- John Bird (The Big Issue UK) talked about the division within poverty itself in the UK. Whilst the Big Issue deals with some of the most broken and desperate individuals, the UK is home to some of the most expensive poor in the world who go through various local authorities throughout their lifetime costing the UK economy millions, he said: "when you get a situation where the poor cost more than the upper and middle classes you are in an enormous crisis".
- Michaela Gründler (Apropos, Austria) presented a book that Apropos created in partnership with well known Austrian writers and Apropos vendors focusing on the theme of 'What does home mean to you'. View Presentation | View Book
- Trudy Vlok & Melany Bendix (The Big Issue South Africa) presented two projects. The first was 'The Big Issue Reflections', a short film used to promote the street paper concept in South Africa. The second was a presentation of their recent ‘special editions’, including a recent edition edited by Sir Richard Branson, focusing on the theme of social enterprise. These special editions help to diversify content, increase sales by attracting new readers and help the magazine to develop relationships with potential supporters. View Video
|Frank Dries (Straatniuews)|
- Frank Dries (Straatnieuws, the Netherlands) presented the next phase of his vendor bag project. Last year Frank presented a paper bag for vendors to sell on the street, this year the idea has changed into bags for vendors to use to sell their street papers. The bags are made from recycled tyres and bicycle tubes making them very durable. If you/your street paper is interested in Frank’s vendor bags, contact Frank: email@example.com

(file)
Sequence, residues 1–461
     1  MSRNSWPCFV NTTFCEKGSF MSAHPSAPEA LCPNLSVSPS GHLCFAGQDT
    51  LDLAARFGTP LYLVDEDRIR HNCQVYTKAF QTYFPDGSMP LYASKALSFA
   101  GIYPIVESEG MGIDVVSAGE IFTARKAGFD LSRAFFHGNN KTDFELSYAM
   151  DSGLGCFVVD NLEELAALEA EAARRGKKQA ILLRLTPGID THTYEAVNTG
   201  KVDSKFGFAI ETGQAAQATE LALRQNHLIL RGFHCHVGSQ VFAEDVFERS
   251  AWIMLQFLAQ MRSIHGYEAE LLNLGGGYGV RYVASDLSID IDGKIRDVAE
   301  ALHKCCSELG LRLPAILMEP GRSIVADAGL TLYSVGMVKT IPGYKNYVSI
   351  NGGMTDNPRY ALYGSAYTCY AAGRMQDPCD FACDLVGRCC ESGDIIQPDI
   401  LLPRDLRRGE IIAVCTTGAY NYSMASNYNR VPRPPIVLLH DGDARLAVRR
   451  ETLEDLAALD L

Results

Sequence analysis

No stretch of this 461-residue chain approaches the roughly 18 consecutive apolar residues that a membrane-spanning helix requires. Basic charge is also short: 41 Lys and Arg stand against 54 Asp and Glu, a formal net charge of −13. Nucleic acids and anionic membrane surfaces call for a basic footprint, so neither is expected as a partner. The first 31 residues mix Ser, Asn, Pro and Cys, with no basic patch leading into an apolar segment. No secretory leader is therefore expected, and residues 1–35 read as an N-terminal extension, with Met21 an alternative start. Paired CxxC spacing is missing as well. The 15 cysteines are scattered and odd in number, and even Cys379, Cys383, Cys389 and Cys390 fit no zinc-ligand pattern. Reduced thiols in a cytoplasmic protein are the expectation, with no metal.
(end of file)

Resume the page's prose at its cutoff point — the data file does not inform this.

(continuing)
- Mirjam Gostinčar (Kralji Ulice, Slovenia) showed a video presentation about the vendors of her paper. View Videos
- Tenidola Awoyemi (Freedom Foundation, Nigeria) presented a short film on the work of the Freedom Foundation in Nigeria. The Freedom Foundation and the Nigerian NGO Devcoms are currently working closely with INSP to launch Nigeria’s first ever street paper in the autumn.
- Kayoko Yakuwa (The Big Issue Japan) showed a slideshow of photographs from her sabbatical over the last few months, in which she visited many INSP street papers around the world, including Serbia, Russia, the Netherlands and Germany. Read Kayoko's Travel Blog
- Sara Hoegen (Aluma, Sweden) presented Aluma’s CD project 'Orkanen' (Hurricane in English). It was created in collaboration with national and international musicians, including Manu Chao and the Cardigans. The aim was to help to raise awareness and understanding of issues surrounding homelessness, while also increasing income to vendors. The CD was bought by Aluma vendors for 20 Swedish Kroner (SEK) (just under £2). This money was invested into another project to support homeless people. Vendors sold the CD on the streets for 80 SEK, with the vendors keeping the proceeds (60 SEK). While all the copies managed to be sold, Sarah says that there were also disadvantages with this project, such as CD sales impacting negatively on street paper sales as vendors preferred to sell the CD as they could make more money.
|Miku Sano (The Big Issue Japan)|
- Yoko Mizukoshi and Miku Sano (The Big Issue Japan) thanked all members for their support of The Big Issue Japan and its vendors after the earthquake and tsunami earlier this year. Yoko and Miku gave an account of what had happened following the disaster, including their vendors’ involvement in the cleanup efforts following the aftermath. They presented heartbreaking photographs and stories of people living in the areas affected by the nuclear power plant explosion, who were forced to evacuate their homes, leaving many things, including their livelihoods behind. The Big Issue Japan will soon be running a follow up story on the situation in Japan, which they will send to the Street News Service for members to republish.
- Rose Henry (Victoria Street Newz, Canada) talked about her involvement with the online forum Homeless Nation. Homeless Nation provides recording equipment allowing many homeless people to showcase their stories and in addition encourages them to write on the website and blog which generates an estimated 10,000 hits a week. Homeless Nation shows how homelessness organisations can utilize new media and stay current in an ever changing society.
These are just a few of the projects which are taking place throughout the INSP. A number interesting themes emerged from the delegates accounts but the general consensus is that street papers by and large have the ability to force change and empower the homeless to shape their own future.
Edited from the 'Street Paper Showcase' article By Lucy Gordon